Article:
“How do you fit in?”
Have you ever been on a job and got the feeling that everyone in the room has a script of some sort except for you? You’ve been through it, the boss tells a joke and the whole room ignites into laughter. That’s when you realize that nothing can possibly be that funny. But more so, not only is the boss not a funny guy, everyone has this script. How did everyone in the room know that it was time to laugh? How did everyone in the room know when you should stop? And how did everyone carry the same exact feel for funny. This is not a comedy show; people who attend stand up shows know that we are all here to see our favorite comedian so the laughter is normal. But your boss is not a professional stand-up, so why laugh?
To get ahead that’s why; you want to climb the ladder. Wait a minute, you mean to tell me that in order to climb the corporate ladder I have to laugh at my bosses stupid jokes. Or I can’t suggest an idea that could help a situation out of fear it may make the boss look incompetent. The culture in a place like that can make anyone not want to be there. Yet at a young age, children are encouraged to go work for an organization. Then once you learn the workplace dynamics, it makes you not want to be in the environment. That was my life; and for a brief moment, let me take you through my life.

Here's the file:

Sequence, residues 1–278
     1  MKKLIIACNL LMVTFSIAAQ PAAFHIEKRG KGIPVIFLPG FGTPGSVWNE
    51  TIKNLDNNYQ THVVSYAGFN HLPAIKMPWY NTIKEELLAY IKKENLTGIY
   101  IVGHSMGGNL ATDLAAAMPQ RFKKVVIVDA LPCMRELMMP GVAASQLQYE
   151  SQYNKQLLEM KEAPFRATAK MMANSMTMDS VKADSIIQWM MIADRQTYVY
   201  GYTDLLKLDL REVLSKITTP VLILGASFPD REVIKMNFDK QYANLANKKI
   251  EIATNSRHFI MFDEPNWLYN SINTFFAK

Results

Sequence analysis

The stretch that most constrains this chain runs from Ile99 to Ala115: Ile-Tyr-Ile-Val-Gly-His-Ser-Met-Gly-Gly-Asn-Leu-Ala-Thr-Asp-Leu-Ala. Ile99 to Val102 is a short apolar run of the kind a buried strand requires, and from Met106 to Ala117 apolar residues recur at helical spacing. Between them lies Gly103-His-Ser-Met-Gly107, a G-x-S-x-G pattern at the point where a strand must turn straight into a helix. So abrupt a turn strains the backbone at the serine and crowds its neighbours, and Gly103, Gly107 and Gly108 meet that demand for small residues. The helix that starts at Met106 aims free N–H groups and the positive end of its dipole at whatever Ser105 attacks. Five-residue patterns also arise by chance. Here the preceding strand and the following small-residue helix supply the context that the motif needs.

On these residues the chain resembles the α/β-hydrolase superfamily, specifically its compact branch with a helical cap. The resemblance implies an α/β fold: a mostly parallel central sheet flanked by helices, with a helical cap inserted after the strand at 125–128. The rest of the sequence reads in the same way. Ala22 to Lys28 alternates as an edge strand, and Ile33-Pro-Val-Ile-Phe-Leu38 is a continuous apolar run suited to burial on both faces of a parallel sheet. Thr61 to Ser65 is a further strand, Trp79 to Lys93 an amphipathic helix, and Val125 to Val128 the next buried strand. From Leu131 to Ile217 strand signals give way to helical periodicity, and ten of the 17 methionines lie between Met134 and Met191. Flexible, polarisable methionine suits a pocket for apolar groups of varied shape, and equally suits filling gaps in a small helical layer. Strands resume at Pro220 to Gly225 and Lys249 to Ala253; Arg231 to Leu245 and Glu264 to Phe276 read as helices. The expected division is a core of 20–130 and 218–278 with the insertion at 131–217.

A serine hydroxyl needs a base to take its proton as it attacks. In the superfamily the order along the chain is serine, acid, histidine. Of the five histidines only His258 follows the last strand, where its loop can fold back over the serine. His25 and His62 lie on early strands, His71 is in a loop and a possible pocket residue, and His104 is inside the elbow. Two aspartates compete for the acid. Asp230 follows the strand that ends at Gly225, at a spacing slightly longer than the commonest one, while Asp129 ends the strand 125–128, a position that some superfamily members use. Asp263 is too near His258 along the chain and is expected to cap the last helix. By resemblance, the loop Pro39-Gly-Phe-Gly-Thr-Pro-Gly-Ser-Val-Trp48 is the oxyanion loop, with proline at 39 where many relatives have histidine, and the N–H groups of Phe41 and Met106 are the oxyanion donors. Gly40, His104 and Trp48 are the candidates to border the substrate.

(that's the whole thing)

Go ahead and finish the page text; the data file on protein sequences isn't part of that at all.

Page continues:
As a middle school kid, I wanted to attend business school. I admired men who have been successful in business because of their out of work initiatives as well internal. But when I became an adult an realized what I would have to be to fit into that world, it made me realized it wasn’t worth it. I would much rather have a voice in my own space than to feel like I have to sacrifice my self respect and identity to have something. Now most people would say, “Who told you that?” No one told me that, you can feel it. When you’re allowed to see two men making a mistake, yet you only are able to chastise one of them, that’s why. When my days are spent trying to make you like me instead of connecting to people outside, when you want to control how I communicate with people, I am compromising far too much.
When I look at my life from age 12 to about 22 years of age, I feel sometimes like I threw it away. I grew up poor and didn’t realize the real environment so I had these unrealistic expectations working for an organization. Wanting a voice to express myself was the biggest career goal for me in life. Not having to filter every single word, while a guy at the top feels he can. Yet no man nor woman earns the right to have an opinion. Having an opinion is your choice, but working in certain environments people make you feel like it’s a privilege.
In the end, when you’re in an environment where you feel uncomfortable to the point you’re depressed being there, remove yourself. Don’t stay any longer because you’re not going to be happy. It’s crazy that since childhood we all have this idealistic way of looking at the world. Then we become adults and see it for what it really is. That’s not to say working for an organization is a bad thing. I just think that working for an organization is not for me. I would much rather have a career working independently making a little less money than to be in an organization working for more.